Afghanistan the New ‘Saudi Arabia of Lithium’?

After decades of war and internal conflict with the Taliban, Afghanistan may finally have a glimmer of the hope for a thriving economy. Pentagon officials discovered a mother lode of valuable mineral deposits, including lithium, which the modern world is clamoring for to power batteries and iPhones.

The potential worth of the mineral deposits is estimated at $1 trillion, which is a far cry from the measly $12 billion output from Afghanistan’s murky economy based on poppy production and illegal drug sales.

The front page piece in today’s New York Times, couldn’t have been leaked at a better time, as the renewed military effort in Afghanistan to defeat the Taliban is seeing little success of late. Additionally, the Karzai-led government continues to be racked with corruption, making it difficult for the U.S. to establish a functional central government, as it prepares to pull out its forces.

Although, it will take years, if not decades for Afghanistan to develop the infrastructure needed to mine the mineral deposits, the Pentagon sees the potential for Afghanistan to become the next “Saudi Arabia of lithium.”

According to the Times’ piece, U.S. officials are now assisting the government in obtaining international contracts to mine the country’s valuable resources, in the hopes of transforming the poverty stricken country of Afghanistan into an economic mining powerhouse:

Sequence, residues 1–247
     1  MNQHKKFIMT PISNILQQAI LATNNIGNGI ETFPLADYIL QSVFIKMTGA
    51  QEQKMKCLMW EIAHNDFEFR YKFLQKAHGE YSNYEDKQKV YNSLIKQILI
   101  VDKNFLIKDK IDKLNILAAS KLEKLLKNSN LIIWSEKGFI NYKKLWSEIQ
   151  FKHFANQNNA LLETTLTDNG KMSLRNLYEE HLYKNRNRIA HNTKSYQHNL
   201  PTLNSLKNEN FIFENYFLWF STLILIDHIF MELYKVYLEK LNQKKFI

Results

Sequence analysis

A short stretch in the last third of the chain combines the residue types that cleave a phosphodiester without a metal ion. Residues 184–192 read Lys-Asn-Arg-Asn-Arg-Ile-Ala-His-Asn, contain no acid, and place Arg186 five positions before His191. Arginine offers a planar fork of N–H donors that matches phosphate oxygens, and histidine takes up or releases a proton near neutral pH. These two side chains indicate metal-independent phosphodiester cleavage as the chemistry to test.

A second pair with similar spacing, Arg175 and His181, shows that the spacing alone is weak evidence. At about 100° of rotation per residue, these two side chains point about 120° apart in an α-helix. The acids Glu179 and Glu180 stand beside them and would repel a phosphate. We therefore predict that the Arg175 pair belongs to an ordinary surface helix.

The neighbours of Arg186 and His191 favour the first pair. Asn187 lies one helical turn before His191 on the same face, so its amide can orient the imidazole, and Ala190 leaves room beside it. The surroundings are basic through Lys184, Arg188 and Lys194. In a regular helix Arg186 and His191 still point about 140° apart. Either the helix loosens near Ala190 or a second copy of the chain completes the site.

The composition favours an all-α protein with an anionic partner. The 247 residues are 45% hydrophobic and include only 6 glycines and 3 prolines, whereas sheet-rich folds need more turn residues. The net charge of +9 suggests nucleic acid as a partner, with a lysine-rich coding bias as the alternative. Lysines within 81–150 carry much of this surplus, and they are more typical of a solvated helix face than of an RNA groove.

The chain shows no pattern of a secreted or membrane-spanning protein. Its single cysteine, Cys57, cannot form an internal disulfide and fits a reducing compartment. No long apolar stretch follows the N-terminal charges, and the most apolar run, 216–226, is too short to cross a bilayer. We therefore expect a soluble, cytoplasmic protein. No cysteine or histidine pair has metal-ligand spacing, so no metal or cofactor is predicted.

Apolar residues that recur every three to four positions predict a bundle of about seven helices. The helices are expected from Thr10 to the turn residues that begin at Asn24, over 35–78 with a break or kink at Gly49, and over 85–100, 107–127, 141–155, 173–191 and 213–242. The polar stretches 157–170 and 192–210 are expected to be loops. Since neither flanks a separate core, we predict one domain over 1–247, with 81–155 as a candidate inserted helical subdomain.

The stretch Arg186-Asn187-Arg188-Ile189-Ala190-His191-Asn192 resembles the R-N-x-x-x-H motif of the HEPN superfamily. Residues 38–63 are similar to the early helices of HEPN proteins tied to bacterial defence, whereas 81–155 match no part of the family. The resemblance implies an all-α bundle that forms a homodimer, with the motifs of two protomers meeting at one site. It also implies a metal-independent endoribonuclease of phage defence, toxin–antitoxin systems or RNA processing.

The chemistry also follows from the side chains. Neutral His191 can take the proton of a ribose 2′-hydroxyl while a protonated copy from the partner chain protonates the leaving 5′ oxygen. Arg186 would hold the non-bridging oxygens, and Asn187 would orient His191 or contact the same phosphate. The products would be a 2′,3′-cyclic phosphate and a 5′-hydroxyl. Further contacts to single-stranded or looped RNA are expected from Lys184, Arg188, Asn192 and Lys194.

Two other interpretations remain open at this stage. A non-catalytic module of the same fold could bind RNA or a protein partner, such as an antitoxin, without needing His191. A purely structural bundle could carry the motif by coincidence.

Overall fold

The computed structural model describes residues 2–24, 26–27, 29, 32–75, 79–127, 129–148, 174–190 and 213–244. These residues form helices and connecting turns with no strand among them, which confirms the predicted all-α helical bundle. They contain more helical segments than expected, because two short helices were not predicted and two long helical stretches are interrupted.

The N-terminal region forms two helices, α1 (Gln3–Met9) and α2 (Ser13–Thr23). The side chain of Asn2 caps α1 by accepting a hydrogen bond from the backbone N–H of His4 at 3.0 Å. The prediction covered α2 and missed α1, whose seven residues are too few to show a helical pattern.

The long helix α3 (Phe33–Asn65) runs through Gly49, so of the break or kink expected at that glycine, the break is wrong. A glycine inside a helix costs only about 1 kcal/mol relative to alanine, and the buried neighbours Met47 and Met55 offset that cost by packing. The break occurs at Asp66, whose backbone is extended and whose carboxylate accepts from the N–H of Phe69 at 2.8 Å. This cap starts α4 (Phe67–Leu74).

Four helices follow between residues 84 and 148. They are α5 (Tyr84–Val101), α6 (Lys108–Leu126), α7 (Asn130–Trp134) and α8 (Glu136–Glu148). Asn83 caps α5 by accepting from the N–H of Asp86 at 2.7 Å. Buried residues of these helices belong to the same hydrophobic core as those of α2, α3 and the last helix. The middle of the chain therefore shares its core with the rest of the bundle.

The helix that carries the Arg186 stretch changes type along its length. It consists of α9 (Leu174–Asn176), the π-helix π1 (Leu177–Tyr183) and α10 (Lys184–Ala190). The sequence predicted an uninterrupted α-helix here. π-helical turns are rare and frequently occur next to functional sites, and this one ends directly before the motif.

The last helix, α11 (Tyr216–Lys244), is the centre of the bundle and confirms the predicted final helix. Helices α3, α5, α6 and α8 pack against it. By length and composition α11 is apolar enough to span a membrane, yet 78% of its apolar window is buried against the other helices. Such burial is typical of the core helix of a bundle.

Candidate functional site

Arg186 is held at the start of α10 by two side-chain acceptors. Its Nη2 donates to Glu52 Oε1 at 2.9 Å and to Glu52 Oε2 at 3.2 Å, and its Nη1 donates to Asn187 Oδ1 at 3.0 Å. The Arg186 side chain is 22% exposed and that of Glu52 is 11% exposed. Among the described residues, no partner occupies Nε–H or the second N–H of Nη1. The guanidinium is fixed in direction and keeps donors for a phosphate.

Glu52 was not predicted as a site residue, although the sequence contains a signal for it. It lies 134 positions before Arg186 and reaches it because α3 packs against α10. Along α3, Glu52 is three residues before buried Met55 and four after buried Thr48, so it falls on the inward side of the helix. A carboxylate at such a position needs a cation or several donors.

“The previously unknown deposits — including huge veins of iron, copper, cobalt, gold and critical industrial metals like lithium — are so big and include so many minerals that are essential to modern industry that Afghanistan could eventually be transformed into one of the most important mining centers in the world, the United States officials believe.” [...]

“While it could take many years to develop a mining industry, the potential is so great that officials and executives in the industry believe it could attract heavy investment even before mines are profitable, providing the possibility of jobs that could distract from generations of war.”

But, not so fast. With a corrupt government and Taliban militants fighting for control of the newfound wealth, there are no guarantees, the people of Afghanistan would benefit from a thriving economy with jobs and a higher standard of living. What’s more likely, is an all too familiar scene in third world countries holding mineral reserves, run by despots controlling the wealth for themselves.

Still, the wealth of valuable mineral deposits is the first bit of good news to come out of Afghanistan in quite a while.


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